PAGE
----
Judy, who was on hand that night in Beijing, along with Dylan’s brother, David, has mixed emotions about the delayed victory. She takes great pride in Dylan’s many accomplishments, including two golds at the Pan Ams, another at the Commonwealth Games, and a silver and a bronze at the world championships, but laments the celebration that should have been. “He was robbed of his moment,” she says. “So this is bittersweet.”

Armstrong is more stoic. He says he long ago accepted that cheating is part of his, and many other, sports. “There is always going to be somebody who steps over the line,” he says. Stewing about the dopers, or near misses, is a waste of time. “It leads to negative thoughts, and that’s not healthy.”

These days he has enough worries to contend with. Twenty years of hurling heavy objects—first the hammer, then the shot put—has finally worn down his immense six-foot-four, 340-lb. frame. In late December, he underwent three hours of surgery on his right elbow to remove several marble-sized bone chips, and grind down the joint where it was starting to fuse together. The elbow had been bothering him since the run-up to the London Games, but became a chronic problem after he won bronze at the 2013 worlds in Moscow. Last season, he could barely compete.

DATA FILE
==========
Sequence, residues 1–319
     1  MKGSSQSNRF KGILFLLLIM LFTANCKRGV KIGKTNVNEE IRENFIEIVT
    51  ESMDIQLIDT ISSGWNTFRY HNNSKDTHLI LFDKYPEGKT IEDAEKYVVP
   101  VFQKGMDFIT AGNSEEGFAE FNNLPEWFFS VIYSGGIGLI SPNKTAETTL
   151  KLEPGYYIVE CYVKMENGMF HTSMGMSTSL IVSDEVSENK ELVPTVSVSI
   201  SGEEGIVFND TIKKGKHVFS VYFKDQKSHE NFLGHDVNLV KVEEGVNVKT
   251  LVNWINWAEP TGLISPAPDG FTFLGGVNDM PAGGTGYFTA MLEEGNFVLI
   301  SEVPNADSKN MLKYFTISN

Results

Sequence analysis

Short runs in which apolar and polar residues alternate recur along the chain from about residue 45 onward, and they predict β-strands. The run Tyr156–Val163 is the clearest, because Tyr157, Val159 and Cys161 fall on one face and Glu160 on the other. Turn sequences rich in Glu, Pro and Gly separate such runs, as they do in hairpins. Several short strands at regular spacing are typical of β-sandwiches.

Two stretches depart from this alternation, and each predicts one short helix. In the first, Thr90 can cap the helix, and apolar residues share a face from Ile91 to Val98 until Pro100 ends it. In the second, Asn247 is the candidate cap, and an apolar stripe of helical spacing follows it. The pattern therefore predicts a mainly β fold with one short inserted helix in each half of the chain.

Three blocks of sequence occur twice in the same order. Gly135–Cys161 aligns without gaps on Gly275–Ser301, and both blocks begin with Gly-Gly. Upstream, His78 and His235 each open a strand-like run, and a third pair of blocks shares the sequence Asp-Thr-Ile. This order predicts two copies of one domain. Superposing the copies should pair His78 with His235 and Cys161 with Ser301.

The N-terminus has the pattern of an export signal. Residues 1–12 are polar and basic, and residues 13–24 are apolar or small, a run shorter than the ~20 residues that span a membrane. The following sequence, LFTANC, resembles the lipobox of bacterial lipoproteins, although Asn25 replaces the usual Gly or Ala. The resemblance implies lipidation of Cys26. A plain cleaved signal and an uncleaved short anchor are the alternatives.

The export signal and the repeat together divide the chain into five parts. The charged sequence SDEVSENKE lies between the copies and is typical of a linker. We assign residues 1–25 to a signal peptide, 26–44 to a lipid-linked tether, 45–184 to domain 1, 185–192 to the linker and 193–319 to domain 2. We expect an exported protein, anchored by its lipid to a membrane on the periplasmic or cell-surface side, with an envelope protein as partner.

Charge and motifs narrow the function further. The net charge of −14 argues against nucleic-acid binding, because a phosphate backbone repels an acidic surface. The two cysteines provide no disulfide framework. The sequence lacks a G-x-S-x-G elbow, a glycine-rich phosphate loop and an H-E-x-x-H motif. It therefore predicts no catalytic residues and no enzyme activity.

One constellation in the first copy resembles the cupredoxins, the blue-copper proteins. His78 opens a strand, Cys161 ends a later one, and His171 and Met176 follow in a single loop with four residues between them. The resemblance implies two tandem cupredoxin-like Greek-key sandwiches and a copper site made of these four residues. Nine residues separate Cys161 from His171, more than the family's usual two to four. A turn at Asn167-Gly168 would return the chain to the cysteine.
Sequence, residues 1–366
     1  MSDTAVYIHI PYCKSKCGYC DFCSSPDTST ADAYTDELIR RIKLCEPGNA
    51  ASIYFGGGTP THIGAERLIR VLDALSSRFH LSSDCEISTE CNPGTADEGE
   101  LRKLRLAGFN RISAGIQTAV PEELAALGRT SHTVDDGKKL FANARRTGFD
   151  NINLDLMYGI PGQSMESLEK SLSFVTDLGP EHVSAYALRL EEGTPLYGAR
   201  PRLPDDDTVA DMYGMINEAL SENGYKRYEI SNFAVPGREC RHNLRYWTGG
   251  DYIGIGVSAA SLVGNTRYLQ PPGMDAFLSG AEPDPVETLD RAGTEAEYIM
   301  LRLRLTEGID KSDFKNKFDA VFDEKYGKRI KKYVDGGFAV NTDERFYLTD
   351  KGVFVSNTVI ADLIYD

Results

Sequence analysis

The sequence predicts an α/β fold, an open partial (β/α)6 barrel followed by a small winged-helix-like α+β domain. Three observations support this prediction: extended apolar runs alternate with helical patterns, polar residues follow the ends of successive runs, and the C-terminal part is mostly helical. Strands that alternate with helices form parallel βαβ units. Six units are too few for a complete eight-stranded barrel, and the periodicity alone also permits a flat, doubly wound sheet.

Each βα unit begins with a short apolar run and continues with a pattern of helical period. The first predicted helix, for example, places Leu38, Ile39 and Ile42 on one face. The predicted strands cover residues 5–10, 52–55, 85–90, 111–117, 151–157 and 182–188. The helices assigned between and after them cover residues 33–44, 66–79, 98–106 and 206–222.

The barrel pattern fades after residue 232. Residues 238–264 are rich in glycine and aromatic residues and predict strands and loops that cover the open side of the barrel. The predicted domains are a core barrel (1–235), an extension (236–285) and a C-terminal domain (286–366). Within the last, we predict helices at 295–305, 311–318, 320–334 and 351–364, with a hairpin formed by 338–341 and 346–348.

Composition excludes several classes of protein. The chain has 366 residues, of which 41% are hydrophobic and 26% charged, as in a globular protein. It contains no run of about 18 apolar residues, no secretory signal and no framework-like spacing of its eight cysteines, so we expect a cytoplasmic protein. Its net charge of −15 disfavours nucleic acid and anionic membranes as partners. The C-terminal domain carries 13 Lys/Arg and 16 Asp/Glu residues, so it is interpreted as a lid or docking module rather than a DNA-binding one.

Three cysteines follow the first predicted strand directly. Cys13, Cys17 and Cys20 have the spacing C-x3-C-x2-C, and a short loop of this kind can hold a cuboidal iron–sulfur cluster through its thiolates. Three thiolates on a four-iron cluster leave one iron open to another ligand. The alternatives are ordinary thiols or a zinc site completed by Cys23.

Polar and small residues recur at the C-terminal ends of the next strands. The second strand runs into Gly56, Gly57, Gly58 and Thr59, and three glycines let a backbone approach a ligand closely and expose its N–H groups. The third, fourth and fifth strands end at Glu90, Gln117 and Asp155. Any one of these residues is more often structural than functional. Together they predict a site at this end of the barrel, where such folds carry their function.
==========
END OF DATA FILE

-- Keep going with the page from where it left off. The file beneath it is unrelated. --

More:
Now, only a few weeks removed from the operation, Armstrong is back in the gym and looking towards the 2016 Summer Games in Rio de Janeiro. He’ll be 35 by then— a little old by the sport’s standards—but his desire to compete remains strong. “I do this because I love to throw,” he says.

The dream that Armstrong has nurtured since he started track at age 9, throwing discus, long jumping, running hurdles and the 400-m, is about to come true. When he gets back to Kamloops, he’s going to rummage through some boxes and see if he can locate that Beijing podium suit. Then, with or without it, after a proper party, he’ll close the book on the past, and start working on the future.

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Dylan Armstrong wins world championship bronze medal

Dylan Armstrong

Canadian shot putter Dylan Armstrong awarded bronze medal from 2010


BURNABY, B.C. - Dylan Armstrong's big day finally arrived Thursday as the Canadian shot putter was presented with a world indoor championship bronze medal from 2010.

Armstrong earned the medal, originally awarded to Andrei Mikhnevich, after the Belarusian athlete's results were annulled for a second doping violation. Mikhnevich received a lifetime ban from his country's federation for a second offence discovered last year in retests of an older sample.

"It's wonderful that my coach (Anatoliy Bondarchuk) and I, friends, family and sponsors can finally celebrate this medal," said Armstrong in an interview before the presentation at the Harry Jerome International Track Classic.

Armstrong had to wait more than a year to receive the hardware from the 2010 world indoors in Doha, Qatar after the International Association of Athletics Federations moved him from fourth place to third.